On Saturday, April 12, eager crowds attended the ribbon-cutting for the new Polytrauma and Rehabilitation Center at the James A. Haley Veterans’ Hospital in Tampa, Florida.
According to Dr. Steven Scott, many had the same reaction he did when he first visited the new facility. “Wow!” Scott is Chief, Physical Medicine and Rehabilitation Service, at the new center.
The Polytrauma and Rehabilitation Center will serve as the first stop for many on the road to recovery and reintegration into the community for returning Veterans and active duty servicemembers. It will help Veterans readjust to society in a family-focused facility that combines all of their rehabilitation needs in one place.
The center is a state-of-the-art facility that provides comprehensive, compassionate, high-quality, interdisciplinary care to patients and their families. It’s an example of modern, award-winning architecture that creates a home-like healing environment.
VA’s Polytrauma System of Care is for Veterans and servicemembers with multiple injuries that result in physical, cognitive and/or psychological impairments and functional disability.
The new facility features 56 private inpatient rooms, a therapeutic climbing wall, an aquatic center including a treadmill therapy pool, a virtual reality simulation center, a multi-surface mobility training area and an outdoor recreational therapeutic activity space including a basketball court, putting green and horseshoe pit.
This environment features “patient neighborhoods,” natural light, day rooms and an atrium with a “town center” and a “main street” and exterior deck for patients and their families to socialize and relax.
Among the many features of the center, all patient rooms support a lift-free environment and have television programs with the patient-centered Get Well Network – interactive software so patients can access health information and watch movies, television or surf the Internet.
Final touches are being completed and the new center will open soon.
“This center fulfills the promise we have made to our Veterans,” said Dr. Scott. “If you get injured, we promise we will give you the best rehabilitation care. And that promise is what I see when I look at this building.”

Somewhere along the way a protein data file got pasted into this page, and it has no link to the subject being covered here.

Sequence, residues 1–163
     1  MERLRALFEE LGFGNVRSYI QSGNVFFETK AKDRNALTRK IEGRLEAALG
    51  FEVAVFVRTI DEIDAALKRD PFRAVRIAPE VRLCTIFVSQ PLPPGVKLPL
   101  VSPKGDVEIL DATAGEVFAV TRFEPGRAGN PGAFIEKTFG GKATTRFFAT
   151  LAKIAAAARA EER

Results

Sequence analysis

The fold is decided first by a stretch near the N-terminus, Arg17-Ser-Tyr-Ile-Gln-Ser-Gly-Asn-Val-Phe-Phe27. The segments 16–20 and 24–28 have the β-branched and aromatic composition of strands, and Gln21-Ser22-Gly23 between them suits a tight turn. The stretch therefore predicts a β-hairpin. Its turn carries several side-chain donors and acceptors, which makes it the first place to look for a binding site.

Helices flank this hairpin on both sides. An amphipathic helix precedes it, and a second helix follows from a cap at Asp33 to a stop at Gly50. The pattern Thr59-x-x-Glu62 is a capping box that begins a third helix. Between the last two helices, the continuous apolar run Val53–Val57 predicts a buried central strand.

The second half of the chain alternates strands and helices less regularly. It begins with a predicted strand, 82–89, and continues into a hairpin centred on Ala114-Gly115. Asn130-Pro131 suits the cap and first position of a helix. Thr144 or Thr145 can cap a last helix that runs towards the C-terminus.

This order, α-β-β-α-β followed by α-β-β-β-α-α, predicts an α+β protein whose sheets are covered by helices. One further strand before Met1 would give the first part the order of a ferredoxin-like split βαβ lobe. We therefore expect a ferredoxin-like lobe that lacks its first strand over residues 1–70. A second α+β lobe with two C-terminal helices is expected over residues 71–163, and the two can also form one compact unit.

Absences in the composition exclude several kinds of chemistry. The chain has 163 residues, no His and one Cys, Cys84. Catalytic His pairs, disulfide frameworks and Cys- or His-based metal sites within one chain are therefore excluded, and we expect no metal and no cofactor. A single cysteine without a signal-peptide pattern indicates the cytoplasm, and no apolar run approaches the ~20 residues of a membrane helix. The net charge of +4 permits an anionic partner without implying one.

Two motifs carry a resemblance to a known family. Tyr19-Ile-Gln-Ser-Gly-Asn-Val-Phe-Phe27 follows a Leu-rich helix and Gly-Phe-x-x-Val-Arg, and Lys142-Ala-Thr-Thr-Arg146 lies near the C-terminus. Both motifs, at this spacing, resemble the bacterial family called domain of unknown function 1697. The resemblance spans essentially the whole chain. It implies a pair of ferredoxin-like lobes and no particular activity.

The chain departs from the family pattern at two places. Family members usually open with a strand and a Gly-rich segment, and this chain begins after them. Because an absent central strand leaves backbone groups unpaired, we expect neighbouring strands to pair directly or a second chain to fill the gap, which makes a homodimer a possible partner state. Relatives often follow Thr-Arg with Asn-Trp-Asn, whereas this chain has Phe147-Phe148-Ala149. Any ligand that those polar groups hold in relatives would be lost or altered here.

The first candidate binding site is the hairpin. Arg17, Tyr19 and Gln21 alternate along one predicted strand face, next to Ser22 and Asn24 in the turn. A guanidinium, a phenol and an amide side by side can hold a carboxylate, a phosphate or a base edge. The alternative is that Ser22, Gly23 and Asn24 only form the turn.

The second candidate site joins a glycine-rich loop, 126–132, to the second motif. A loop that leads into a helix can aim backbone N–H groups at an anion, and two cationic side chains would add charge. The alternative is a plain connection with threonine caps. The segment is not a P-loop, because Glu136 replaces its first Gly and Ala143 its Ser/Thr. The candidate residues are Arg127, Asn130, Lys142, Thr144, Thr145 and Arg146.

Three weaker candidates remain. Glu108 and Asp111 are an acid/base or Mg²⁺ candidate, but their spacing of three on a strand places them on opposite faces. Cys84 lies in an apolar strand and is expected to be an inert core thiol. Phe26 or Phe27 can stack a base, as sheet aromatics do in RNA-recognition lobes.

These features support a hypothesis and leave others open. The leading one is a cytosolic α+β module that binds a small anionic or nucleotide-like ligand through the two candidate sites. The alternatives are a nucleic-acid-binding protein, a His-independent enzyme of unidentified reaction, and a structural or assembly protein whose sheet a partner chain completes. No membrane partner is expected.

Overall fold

Rehabilitation efforts plan to focus on successful community re-integration, vocational rehabilitation, educational support and life span and secondary conditions to aging, with traumatic brain, spinal cord and amputation injuries.
A Neighborhood Called Bravery
The units in the new center are broken into “neighborhoods” and with military- inspired names of Duty, Patriot and Valor on the second floor and Motivation, Bravery, Honor and Courage on the third floor.
Each spacious room includes a comfortable family niche, large roll-in showers, a personal memorabilia display and outward facing windows for natural lighting.
A key component of VA’s Polytrauma System are the teams of clinicians from a range of fields who develop and implement individually-tailored rehabilitation plans to foster recovery as quickly and as completely as possible.
This center fulfills the promise we have made to our Veterans.
Additional inpatient and outpatients services featured in the new Polytrauma and Rehabilitation Center include:
- Integration with the VA Amputation System of Care which provides acute and long-term medical, rehabilitation and prosthetic needs for individuals with amputations.
- Assistive Technology Labs that offer comprehensive evaluation, prescription and training for the use of technology to optimize Veterans’ and active duty servicemembers’ independence and community participation goals.
- Expansion of tele-rehabilitation services that include standardized protocols for remote TBI evaluation, devices for in-home monitoring of TBI symptoms and the TBI Coach, an app for the self-management of TBI symptoms.
The Polytrauma System of Care at the Tampa VA Hospital is expected to continue to evolve over time, potentially seeing an increase in the need for the hospital to continue providing mental health support for posttraumatic stress, substance abuse and complicated issues secondary to deployment. The newly constructed space is flexible to accommodate the evolving needs of Veteran and active duty patients today and into the future.
Since April 2007, more than 500,000 Veterans from Operation Enduring Freedom, Operation Iraqi Freedom, and Operation New Dawn entering the VA health care system have been screened for possible TBI with more than 53,000 by the Tampa VA Hospital alone.